I got home and wore my brand new purchases to the box. 6:30 class. And sure enough. There I was adjusting. Pulling and pushing. Desperately trying to keep my dang boobs in my bra. And then there was the running–the SPRINTING. I almost flashed approximately 4 people and a dog on a 400m. run. 

It just wasn’t working out. And I knew that this was going to be another purchase that sits at the bottom of my sports bra drawer. 

I can’t do this anymore. The frustration. The power struggle. Who will win today? Will it be you or my bust line? Who even knows anymore? We can’t keep score like this! 

I’m exhausted, Reebok. I can’t support you and me by myself. It’s time I moved on and found something with a more restricting lycra blend. 
I hope you understand. 

And if, one day, you ever develop a more mature fabric that knows what it’s goals are and meets them. Give me a call.

Until then, this is not a farewell, just a “see you later”.

All my love,

Stop. It.

All olympic athletes. All healthy. All different shapes, sizes, weights. Via

You are you.
You have every right to every opinion about yourself.

What you do not have?
You don’t have to express your opinions about someone else.

Maybe you think someone’s too thin.
That does not mean they’re anorexic.
That does not mean they don’t eat.
That does not entitle you to run around screaming that they’re unhealthy.
The idea that someone is too thin is based solely on your opinion.
Your opinion does not give you the right to shame someone.

Maybe you think someone is too fat.
That does not mean they are lazy.
That does not mean they aren’t fit.
That does not mean they aren’t strong.
That does not entitle you to run around screaming that they’re unhealthy.
The idea that someone is too fat is based solely on your opinion.
Your opinion does not give you the right to shame someone. 

In today’s society, you’re damned if you do and damned if you don’t.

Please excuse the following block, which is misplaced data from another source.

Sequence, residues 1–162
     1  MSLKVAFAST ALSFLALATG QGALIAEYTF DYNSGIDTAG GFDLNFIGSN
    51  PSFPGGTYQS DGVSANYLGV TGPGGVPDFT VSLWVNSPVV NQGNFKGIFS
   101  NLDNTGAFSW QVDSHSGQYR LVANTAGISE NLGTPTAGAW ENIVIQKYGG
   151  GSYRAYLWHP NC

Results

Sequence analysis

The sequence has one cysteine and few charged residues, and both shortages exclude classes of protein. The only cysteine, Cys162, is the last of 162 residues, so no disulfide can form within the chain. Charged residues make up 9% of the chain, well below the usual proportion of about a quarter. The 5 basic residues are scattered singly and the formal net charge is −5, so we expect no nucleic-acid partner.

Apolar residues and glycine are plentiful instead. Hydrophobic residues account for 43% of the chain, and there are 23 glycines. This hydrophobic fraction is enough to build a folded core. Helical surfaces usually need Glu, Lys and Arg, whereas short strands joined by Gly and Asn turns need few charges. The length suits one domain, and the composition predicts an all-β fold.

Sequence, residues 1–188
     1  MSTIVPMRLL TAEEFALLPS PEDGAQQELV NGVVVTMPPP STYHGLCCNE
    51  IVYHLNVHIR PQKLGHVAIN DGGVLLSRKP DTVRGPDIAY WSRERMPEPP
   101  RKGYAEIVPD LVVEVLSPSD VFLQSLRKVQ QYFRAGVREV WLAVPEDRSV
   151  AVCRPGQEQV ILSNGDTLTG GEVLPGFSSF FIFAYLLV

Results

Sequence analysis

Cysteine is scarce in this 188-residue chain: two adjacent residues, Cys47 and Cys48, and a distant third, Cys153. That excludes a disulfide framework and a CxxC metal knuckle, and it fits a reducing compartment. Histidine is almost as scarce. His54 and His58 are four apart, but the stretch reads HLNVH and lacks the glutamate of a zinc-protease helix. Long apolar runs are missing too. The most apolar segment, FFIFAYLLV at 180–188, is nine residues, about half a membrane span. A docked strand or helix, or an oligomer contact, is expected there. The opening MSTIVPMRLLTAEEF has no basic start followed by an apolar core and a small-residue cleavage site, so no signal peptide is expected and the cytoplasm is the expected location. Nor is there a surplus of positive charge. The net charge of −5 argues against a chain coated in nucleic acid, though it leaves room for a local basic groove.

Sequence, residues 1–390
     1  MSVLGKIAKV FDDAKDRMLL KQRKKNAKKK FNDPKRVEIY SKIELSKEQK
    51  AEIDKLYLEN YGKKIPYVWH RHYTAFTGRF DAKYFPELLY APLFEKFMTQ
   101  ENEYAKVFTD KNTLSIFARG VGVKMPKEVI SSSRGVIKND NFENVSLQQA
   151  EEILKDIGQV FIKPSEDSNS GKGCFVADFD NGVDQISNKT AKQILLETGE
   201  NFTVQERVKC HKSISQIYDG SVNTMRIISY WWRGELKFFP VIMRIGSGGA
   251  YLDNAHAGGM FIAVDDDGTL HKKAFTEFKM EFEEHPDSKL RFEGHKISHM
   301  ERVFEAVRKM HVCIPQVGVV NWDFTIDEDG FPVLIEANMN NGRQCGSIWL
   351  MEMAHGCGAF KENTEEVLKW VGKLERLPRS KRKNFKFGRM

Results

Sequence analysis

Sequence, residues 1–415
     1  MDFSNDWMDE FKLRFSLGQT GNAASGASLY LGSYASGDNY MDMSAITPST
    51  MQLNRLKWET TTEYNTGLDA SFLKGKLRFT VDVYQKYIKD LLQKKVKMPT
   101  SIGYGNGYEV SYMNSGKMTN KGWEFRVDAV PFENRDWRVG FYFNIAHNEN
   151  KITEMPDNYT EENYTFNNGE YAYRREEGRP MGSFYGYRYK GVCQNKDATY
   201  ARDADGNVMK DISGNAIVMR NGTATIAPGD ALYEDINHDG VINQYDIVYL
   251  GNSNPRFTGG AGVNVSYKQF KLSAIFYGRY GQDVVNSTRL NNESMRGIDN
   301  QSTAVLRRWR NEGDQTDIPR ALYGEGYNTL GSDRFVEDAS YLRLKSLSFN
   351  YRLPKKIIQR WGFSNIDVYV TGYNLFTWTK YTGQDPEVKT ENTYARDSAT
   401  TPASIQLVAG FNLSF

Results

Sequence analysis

If you’re fat, you’re too fat and if you’re thin, you’re too thin.
And everyone feels like it’s okay to tell you just what they think. 
Especially if they’re feeling super secure from behind the screen of a computer. 
And that’s sick.

My opinion?
I hope everyone is their best self.
I hope that everyone can experience the benefits of being healthy–whatever healthy is for THEM.
I hope that people make good choices–about physical activity, about food, and about life.
I hope that people realize that hurt people hurt people and what people say is a reflection of THEM and not a reflection of YOU.
I hope any and everyone can set a personal, mentally and physically healthy goal and have the determination to reach that goal. 

I am no one to judge anyone else’s journey.
It’s not my place. 
I’ve been “too fat”.
I’ve been “too thin”.
I’ve been “too muscly”.
I don’t know you, I don’t know where you are in your life or how far you’ve come. 
I just hope the best for you and pray that you make the kinds of choices that are going to benefit you in the long term. 

Because I am me and you are you. 

Comfortable, juicy peaches

Being comfortable in your own skin.
This was a topic that a friend of mine encouraged me to write about last week (two weeks ago? I don’t know. My days are blurring together).

I want to be able to write that everyone should just find the beauty in the thigh dimples, the wrinkles, and the love handles. I want to write that you shouldn’t care about anything and you should just be you and that’s beautiful enough. That’s comfortable enough.

But I can’t. 
Because I don’t live that life everyday. 
Because sometimes, that shit sucks!

Some days, I’m okay with cellulite on my thigh and a sometimes muffin top. Other days, I’m not. Most days, I’m totally okay that I’m halfway to 30. Other days I have a panic attack about it. Some nights, I put on my little black dress and nobody can tell me I’m not gawwwwwgeous. Other nights, I put it on and think, “nah. Let me stay in and wear my sweatpants, this dress is doing nothing for me.” 
I have bad hair days. 
I have bad face days.
I have days where nothing fits.
I have days where everything fits, I just hate the way it looks. 
I have days when slipping into the right pair of Chucks makes me feel beautiful.
Some days I’m Ariel, other days I’m Ursula.

Most days I just feel like I don’t fit into anyone’s standard of beauty.

But Dita Von Teese said once, that “you can be the ripest, juiciest peach in the world and there’s still going to be someone that hates peaches.”

hey, girl.

I think that since I started this journey to being a healthier person, it’s helped me realize that I may not like everything about my body. What I like and don’t like will change day to week to month.
But this journey has helped me take hold of those things and embrace them. To feel comfortable with the little things. To impress myself with the ordinary and astound myself with the extraordinary.

I can toss a 65 pound kid over my head.
I can carry all my groceries into the house–at one time.
I may not be able to find jeans that fit my ass, but I can fill out a bodycon dress with my lovely lady lumps.